ACCRA, 21 January 2021 – Authorities in Ghana have busted a ring of people suspected of trafficking in new-born babies stolen from unsuspecting mothers in health facilities across the West African nation.
Two babies were rescued in a raid which has been in planning several months.
It started with a tip-off last year by a taxi driver.
During the raid, investigators posed as “baby buyers” looking to seal a deal.
The “baby harvesters”, as Ghanian media is calling the suspects, accepted an estimated $5,000 in exchange for the “sale” of two babies.
In the end, the two babies became the first victims rescued from the suspects and reunited with their mothers.
Police say the baby-traffickers used all manner of tricks to get the babies, including telling unsuspecting mothers that their babies passed into glory shortly after birth.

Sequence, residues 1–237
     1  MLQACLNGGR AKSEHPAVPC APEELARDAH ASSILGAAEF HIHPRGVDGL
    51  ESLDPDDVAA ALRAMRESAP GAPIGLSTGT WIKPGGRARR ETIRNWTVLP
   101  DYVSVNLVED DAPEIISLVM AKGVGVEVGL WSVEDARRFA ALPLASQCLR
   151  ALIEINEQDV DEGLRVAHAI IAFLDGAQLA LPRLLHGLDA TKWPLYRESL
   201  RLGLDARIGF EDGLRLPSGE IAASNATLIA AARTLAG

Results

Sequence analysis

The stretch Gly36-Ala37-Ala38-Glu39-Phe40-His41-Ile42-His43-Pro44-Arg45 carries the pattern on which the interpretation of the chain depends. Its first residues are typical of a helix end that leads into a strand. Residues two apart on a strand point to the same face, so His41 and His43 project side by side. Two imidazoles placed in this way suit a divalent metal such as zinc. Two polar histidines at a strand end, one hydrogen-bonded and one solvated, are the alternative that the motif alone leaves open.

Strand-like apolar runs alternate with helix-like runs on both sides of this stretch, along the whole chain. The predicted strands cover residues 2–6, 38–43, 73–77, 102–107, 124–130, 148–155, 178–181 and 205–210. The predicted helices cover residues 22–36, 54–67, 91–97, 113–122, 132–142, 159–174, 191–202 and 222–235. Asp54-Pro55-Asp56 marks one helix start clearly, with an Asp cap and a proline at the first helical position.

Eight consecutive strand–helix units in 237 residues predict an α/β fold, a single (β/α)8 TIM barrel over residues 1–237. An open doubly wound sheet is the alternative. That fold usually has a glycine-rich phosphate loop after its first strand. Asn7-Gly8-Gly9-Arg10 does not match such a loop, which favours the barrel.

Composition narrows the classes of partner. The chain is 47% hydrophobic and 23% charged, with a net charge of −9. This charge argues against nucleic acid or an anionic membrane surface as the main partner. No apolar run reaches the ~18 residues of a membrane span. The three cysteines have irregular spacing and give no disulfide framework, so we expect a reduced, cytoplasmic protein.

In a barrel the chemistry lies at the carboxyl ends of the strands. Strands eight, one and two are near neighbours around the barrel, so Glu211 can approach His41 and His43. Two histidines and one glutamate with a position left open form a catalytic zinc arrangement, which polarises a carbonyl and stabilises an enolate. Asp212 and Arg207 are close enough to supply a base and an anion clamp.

The suspects reportedly also convinced poor expectant mothers to sell their new-born babies to supposedly well-to-do couples who would, besides taking care of the child, also take care of the mother.
In some cases, the suspects stole the babies from the mothers, often using violence to do so.
The suspects napped in the raid include four nurses, two social workers, two medical doctors and a traditional birth attendant.
Reports in Ghanaian newspapers said the doctors arrested admitted to selling at least a dozen babies ever since they got involved in baby trafficking.
Success so far in the investigation is credited to the Ghana Medical and Dental Council and the Economic and Organized Crime Office.